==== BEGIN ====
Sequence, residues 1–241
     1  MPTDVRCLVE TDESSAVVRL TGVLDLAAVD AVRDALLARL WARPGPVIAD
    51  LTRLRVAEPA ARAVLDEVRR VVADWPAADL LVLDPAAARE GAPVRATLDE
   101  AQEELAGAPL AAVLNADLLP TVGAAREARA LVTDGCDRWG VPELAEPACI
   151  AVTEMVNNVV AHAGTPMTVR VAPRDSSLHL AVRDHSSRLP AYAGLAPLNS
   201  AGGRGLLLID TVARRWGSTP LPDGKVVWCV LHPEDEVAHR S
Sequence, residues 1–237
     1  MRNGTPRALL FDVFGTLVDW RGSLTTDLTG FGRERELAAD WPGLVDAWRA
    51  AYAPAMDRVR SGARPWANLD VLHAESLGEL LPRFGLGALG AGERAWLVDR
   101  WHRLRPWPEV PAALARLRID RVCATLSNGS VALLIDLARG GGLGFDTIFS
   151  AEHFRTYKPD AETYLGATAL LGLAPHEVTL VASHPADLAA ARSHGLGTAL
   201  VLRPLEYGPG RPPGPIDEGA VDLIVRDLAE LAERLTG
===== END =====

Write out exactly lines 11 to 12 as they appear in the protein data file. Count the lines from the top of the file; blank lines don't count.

   151  AEHFRTYKPD AETYLGATAL LGLAPHEVTL VASHPADLAA ARSHGLGTAL
   201  VLRPLEYGPG RPPGPIDEGA VDLIVRDLAE LAERLTG